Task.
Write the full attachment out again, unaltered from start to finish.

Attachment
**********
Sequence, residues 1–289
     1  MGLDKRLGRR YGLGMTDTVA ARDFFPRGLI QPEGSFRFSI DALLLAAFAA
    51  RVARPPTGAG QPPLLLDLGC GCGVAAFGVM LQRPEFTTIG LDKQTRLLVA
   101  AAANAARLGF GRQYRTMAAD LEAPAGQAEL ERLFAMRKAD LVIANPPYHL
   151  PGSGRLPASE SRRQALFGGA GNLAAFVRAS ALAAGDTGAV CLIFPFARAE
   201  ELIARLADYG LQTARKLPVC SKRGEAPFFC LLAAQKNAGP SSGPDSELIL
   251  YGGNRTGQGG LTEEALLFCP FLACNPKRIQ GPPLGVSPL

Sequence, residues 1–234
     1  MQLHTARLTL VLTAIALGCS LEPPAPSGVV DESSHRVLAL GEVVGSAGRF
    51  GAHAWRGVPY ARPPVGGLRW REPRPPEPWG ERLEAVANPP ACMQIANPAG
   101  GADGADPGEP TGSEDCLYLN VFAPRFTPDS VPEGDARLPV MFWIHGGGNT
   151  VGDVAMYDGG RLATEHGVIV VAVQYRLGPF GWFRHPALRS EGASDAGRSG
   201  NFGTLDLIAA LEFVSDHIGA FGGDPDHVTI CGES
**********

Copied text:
Sequence, residues 1–289
     1  MGLDKRLGRR YGLGMTDTVA ARDFFPRGLI QPEGSFRFSI DALLLAAFAA
    51  RVARPPTGAG QPPLLLDLGC GCGVAAFGVM LQRPEFTTIG LDKQTRLLVA
   101  AAANAARLGF GRQYRTMAAD LEAPAGQAEL ERLFAMRKAD LVIANPPYHL
   151  PGSGRLPASE SRRQALFGGA GNLAAFVRAS ALAAGDTGAV CLIFPFARAE
   201  ELIARLADYG LQTARKLPVC SKRGEAPFFC LLAAQKNAGP SSGPDSELIL
   251  YGGNRTGQGG LTEEALLFCP FLACNPKRIQ GPPLGVSPL

Sequence, residues 1–234
     1  MQLHTARLTL VLTAIALGCS LEPPAPSGVV DESSHRVLAL GEVVGSAGRF
    51  GAHAWRGVPY ARPPVGGLRW REPRPPEPWG ERLEAVANPP ACMQIANPAG
   101  GADGADPGEP TGSEDCLYLN VFAPRFTPDS VPEGDARLPV MFWIHGGGNT
   151  VGDVAMYDGG RLATEHGVIV VAVQYRLGPF GWFRHPALRS EGASDAGRSG
   201  NFGTLDLIAA LEFVSDHIGA FGGDPDHVTI CGES